Mirror and Mail face contempt trial over Dowler stories

The Attorney General has won permission to bring contempt of court proceedings against two national newspapers over the coverage of Levi Bellfield’s conviction for the murder and abduction of Walton-on-Thames schoolgirl Milly Dowler.

Two judges at the High Court in London gave the go-ahead to Dominic Grieve QC to bring action against the Daily Mail and Daily Mirror.

Bellfield was convicted on 23 June this year of abducting and murdering 13-year-old Milly. The jury still had to reach a verdict on a second charge – that the day before he snatched Milly from a street in Walton-on-Thames, Surrey, in 2002, he had attempted to abduct Rachel Cowles, then aged 11.

But on 24 June the trial judge, Mr Justice Wilkie, discharged the jury from returning a verdict on the charge relating to Cowles, saying that the publicity following Bellfield’s murder conviction was so prejudicial that the jury could no longer be expected to consider it.

Lord Justice Moore-Bick and Justice Bean heard argument on Tuesday on behalf of the two newspapers that their publications would not have created a “substantial risk of serious prejudice”.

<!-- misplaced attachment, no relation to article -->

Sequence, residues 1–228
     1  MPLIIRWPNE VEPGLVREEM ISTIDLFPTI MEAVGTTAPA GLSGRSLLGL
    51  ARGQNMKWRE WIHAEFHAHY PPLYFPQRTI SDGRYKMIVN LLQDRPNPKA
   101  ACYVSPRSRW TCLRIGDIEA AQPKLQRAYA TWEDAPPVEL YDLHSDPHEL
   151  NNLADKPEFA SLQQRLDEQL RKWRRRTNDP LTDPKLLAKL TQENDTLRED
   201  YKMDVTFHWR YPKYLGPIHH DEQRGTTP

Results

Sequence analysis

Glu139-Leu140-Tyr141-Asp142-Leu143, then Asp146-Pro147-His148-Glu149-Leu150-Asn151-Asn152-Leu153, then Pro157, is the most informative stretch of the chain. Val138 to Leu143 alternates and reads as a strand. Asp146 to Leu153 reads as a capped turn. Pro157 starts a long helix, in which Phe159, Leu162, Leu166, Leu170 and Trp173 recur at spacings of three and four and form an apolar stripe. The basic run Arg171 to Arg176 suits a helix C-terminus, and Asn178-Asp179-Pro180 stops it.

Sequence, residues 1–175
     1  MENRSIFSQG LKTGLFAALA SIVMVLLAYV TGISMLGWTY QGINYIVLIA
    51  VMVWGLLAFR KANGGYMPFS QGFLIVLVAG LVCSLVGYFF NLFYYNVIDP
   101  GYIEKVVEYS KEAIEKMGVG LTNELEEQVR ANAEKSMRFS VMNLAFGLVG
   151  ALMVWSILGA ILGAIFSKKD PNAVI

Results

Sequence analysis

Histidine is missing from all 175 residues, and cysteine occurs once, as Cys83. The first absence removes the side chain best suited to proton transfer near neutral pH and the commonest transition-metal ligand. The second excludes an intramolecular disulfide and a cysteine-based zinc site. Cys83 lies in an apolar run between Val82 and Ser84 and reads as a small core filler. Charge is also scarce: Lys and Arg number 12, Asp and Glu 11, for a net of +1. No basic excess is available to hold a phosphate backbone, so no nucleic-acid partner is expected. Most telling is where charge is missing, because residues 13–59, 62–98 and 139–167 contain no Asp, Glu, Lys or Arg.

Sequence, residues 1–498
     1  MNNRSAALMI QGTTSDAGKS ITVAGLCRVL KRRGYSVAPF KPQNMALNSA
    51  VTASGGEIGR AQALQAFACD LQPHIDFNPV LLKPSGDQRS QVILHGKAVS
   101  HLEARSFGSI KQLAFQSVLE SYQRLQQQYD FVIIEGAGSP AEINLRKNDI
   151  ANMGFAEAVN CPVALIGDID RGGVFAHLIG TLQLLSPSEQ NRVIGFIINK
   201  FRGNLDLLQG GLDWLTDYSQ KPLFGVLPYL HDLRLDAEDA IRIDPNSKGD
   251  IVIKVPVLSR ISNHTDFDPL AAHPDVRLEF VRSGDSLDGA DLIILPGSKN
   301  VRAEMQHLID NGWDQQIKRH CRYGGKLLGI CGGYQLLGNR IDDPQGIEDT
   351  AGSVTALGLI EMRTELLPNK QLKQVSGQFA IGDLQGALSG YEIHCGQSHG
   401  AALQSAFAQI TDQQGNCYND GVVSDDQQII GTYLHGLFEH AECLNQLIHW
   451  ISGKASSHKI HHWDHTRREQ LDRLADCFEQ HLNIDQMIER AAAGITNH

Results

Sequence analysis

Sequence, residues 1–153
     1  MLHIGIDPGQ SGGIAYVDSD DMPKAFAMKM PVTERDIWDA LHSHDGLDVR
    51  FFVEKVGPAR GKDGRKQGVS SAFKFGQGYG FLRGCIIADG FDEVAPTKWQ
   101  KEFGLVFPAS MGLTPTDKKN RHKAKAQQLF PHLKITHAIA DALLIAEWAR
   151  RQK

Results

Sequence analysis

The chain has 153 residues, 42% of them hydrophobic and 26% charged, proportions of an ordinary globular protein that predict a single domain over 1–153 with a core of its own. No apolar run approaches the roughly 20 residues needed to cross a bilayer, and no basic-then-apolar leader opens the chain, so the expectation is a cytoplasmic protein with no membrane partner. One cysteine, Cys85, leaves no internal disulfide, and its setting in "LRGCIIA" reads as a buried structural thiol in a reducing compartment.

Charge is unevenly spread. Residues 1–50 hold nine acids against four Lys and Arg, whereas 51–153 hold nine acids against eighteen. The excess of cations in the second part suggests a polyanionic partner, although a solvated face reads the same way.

But the judges, who only had to decide at this stage whether the Attorney General has an “arguable” case against them, granted permission. A full hearing of the contempt allegations will now be held at a date to be fixed.

David Perry QC, for the Attorney General, said it was right to point out that the trial judge discharged the jury on the basis of what he had described as the “avalanche” of publicity, rather than focusing on any particular publication.

He told the two judges that the Daily Mail and Daily Mirror published articles which “vilified the defendant by reference to material that was not before the jury as a result of anything that had been said in the trial”.

The judges heard submissions on behalf of the newspapers in contesting the application that in such an “unusual” case, where jurors knew he had committed other murders, the Attorney General could not prove his case to the “criminal standard”. They said it was not arguable that the publications could have created a substantial risk of serious prejudice.

Lord Justice Moore-Bick said the application by the Attorney General was for “permission to apply for orders of committal or other appropriate remedy” against the publishers of the two newspapers. Announcing the decision of the court, he said: “We have reached the conclusion that it cannot be said that there is no real prospect of an application succeeding.”

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